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Update on the Management of Chronic Constipation.

Research paper by Jenna J Koliani-Pace, Brian E BE Lacy

Indexed on: 25 Jan '17Published on: 25 Jan '17Published in: Current Treatment Options in Gastroenterology



Abstract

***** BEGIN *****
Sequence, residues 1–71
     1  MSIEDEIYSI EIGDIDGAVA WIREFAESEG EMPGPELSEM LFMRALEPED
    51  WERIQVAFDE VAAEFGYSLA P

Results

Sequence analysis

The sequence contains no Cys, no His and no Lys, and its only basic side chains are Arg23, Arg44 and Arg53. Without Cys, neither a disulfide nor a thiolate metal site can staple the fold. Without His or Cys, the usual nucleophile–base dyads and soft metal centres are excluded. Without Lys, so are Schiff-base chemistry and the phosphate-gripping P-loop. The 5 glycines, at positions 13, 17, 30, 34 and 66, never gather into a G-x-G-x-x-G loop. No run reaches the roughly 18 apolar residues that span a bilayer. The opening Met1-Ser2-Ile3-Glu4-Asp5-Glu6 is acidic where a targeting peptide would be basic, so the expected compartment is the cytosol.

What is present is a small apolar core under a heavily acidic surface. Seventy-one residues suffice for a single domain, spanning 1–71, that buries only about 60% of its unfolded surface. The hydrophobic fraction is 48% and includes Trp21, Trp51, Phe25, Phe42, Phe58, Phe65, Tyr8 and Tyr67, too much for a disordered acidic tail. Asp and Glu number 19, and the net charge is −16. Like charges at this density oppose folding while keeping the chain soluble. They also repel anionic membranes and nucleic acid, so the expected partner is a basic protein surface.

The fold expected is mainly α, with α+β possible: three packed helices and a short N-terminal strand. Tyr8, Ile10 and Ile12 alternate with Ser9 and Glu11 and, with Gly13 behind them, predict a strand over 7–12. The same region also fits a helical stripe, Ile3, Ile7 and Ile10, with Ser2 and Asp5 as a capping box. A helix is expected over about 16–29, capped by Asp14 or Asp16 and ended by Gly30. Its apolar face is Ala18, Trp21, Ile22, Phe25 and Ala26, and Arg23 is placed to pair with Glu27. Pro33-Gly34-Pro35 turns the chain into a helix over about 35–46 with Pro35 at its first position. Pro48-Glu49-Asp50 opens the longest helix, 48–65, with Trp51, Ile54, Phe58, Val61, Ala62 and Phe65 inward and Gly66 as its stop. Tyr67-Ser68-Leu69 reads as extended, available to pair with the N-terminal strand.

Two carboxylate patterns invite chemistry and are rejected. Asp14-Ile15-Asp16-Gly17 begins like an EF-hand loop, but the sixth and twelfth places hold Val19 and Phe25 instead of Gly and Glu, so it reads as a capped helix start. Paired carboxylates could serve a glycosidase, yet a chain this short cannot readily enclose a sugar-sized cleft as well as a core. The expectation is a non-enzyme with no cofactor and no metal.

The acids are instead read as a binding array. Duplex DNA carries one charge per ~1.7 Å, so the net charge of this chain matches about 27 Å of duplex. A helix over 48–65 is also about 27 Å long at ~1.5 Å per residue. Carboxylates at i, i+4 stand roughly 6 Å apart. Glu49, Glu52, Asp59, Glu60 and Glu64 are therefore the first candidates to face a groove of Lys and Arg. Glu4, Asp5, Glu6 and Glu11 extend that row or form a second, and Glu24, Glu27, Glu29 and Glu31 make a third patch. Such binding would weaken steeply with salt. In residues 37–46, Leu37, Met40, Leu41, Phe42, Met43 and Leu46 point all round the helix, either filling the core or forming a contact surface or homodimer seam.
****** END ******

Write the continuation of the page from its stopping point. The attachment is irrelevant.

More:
Chronic constipation (CC) is a highly prevalent disorder encountered by health care providers of all specialties. The diagnosis can be confidently made by taking a careful history, evaluating for warning signs and symptoms, performing an examination, including a digital rectal exam, and using the Rome IV criteria. Treatment should begin at the first visit; most patients require few diagnostic tests to make, or confirm, the diagnosis of CC. Assuming that the patient has persistent symptoms of constipation, despite using traditional therapy (fiber, osmotic agents), then patients should be offered one of the newer treatments, rather than repeating prior treatments, which is a common practice. Lubiprostone, a chloride channel activator, has been shown to safely improve symptoms of CC. Its proven track record of success over the last decade is a common reason why many health care providers choose this as a first-line agent. Alternatively, linaclotide, which stimulates guanylate cyclase C receptors, and which has also been shown to improve symptoms of CC in large, randomized trials, is another logical choice. The decision of which agent to use first often depends upon the patient's co-payment or insurance plan. Either medication should be given a trial of at least 4-6 weeks. If a patient does not respond, then the patient should be treated with the other agent. If symptoms persist, the clinician should consider the possibility of overlapping, or predominant, pelvic floor dysfunction (PFD). The combination of high-resolution anorectal manometry and a balloon expulsion test can be used to make the diagnosis of PFD. If present, patients should be referred to a knowledgeable physical therapist for pelvic floor retraining. New treatment options are available to treat the multiple symptoms of CC. Co-existing pelvic floor dysfunction should be considered in those patients who fail medical therapy.